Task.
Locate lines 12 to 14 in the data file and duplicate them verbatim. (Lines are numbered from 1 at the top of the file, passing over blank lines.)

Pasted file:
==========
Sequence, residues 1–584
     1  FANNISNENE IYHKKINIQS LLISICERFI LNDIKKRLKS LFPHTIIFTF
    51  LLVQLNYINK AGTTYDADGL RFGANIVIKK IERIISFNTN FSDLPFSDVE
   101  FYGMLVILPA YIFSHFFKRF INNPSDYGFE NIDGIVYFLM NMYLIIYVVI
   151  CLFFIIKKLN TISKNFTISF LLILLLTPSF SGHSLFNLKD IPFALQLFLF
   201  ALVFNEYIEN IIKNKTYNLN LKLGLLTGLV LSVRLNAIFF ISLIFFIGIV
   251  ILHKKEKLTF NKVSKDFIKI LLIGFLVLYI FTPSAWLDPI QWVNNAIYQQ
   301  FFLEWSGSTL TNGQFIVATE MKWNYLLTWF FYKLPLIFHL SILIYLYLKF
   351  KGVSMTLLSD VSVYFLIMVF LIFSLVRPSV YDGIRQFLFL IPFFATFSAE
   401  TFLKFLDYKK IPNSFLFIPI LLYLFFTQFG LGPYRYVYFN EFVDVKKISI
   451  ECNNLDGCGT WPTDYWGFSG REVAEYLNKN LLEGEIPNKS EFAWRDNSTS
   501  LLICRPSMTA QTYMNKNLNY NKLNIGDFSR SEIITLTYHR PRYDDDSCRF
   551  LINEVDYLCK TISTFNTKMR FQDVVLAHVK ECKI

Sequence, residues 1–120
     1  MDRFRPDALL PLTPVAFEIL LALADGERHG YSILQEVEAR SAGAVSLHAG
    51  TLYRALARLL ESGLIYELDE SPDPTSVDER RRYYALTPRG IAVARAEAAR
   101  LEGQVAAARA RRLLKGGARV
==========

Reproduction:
   501  LLICRPSMTA QTYMNKNLNY NKLNIGDFSR SEIITLTYHR PRYDDDSCRF
   551  LINEVDYLCK TISTFNTKMR FQDVVLAHVK ECKI

Sequence, residues 1–120